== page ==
Okay, now we’re going to talk about receptors
and their partners: the agonist
and the antagonist.
So, those are 3 words—pause
for just a moment
and just kind of get straight in your mind.
Receptors are very uniquely shaped
and they either receive agonists
Let’s go through a little more definition.
Okay, so receptors are these really
unique protein molecules.
They receive only specific
so they have special shapes
and when they receive these signals,
it either blocks the activation
of that receptor
or it activates the reception.
Okay, so I know that I have receptors,
they’re really unique, only certain substances
will connect with them,
and either it’s an agonist which causes
that receptor to be activated,
or it’s an antagonist that will block
the activation of that.
So what types of things can be
agonists or antagonists?
Well, they can be drugs,
hormones, or neurotransmitters.
Obviously, we’re going to focus
more on drugs at this point,
but we’ll also talk a little bit about
hormones and transmitters.
Okay, so you understand what a receptor
is—it’s this special receiver.
Now, let’s go over agonists and
When an agonist connects, it’s like a
when an agonist connects or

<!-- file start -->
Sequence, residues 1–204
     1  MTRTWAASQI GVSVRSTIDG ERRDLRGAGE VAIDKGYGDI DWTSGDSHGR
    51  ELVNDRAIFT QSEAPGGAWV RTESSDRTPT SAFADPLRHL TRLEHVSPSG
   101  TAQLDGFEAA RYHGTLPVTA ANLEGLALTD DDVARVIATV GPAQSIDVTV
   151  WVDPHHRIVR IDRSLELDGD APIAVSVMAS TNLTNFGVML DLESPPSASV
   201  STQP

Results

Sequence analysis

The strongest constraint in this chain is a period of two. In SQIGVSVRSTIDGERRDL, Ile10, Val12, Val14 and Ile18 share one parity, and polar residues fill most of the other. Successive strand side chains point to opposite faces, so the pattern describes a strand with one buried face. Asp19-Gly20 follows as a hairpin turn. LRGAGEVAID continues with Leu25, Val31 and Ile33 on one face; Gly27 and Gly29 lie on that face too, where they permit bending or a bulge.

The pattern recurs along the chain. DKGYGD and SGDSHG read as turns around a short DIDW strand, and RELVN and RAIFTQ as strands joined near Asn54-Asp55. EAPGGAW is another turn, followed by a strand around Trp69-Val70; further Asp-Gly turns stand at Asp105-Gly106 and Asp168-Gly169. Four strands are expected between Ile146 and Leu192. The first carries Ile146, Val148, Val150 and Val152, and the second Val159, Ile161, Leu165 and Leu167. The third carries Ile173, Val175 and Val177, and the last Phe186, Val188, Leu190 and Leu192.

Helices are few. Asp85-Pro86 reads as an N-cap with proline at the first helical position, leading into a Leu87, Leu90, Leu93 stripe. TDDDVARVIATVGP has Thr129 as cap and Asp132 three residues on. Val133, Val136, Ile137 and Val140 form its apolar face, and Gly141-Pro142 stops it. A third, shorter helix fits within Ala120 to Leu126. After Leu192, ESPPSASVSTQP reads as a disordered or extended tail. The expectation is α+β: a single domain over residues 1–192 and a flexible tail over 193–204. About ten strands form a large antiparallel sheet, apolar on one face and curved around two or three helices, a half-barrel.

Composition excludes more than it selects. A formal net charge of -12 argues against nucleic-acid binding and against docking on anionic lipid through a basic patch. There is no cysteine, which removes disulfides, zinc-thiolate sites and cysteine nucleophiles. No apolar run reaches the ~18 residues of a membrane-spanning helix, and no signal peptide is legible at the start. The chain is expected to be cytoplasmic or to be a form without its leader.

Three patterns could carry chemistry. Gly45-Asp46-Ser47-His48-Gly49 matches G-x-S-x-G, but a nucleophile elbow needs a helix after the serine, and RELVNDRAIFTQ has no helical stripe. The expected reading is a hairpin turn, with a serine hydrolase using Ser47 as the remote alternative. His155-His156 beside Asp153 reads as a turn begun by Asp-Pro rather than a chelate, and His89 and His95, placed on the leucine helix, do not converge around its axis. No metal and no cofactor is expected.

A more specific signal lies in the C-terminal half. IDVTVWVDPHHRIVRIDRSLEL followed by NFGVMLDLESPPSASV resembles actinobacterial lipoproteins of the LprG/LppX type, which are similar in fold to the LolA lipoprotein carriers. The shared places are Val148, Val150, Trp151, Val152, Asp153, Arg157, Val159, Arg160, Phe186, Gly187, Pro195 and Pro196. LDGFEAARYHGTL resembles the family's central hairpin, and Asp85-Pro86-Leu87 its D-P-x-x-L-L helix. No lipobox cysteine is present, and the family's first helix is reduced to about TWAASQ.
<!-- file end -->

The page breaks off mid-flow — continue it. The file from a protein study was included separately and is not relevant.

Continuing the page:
binds to a receptor,
it activates that receptor to do
what it’s intended to do.
So, if I was trying to get into my house,
if I had the right key to my house, i
it would fit in the lock, it would be an
agonist, and it would unlock the door.
Now, if I had an antagonist, if I tried
to put the wrong key in the door,
it might fit, but it wouldn’t activate
that receptor or unlock the door.
So let’s use another example,
sometimes have you ever gotten an
advertisement from a car dealership
that they give you a key, and
says, “Hey! Bring this key
to the car dealership, and if it starts
the car, you win the car!”
Okay, yeah. I’ve never won a car
but that’s another thing.
So, let’s take a look at this.
Now, if you take a look at the
drawing that I have up here,
first of all, you see the receptor,
and see that it has a very unique opening.
Then you see all those other
keys floating around.
Those are agonists and antagonists,
but only certain ones are going to fit in.
Now, you see the agonist slide in.
See! It fits.
That’s a beautiful thing and it
will see the lightning bolts
that let you know that it
activates that receptor.
So that’s a really good thing.
You have a uniquely shaped receptor,
you have an agonist that connected,
bound to the receptor,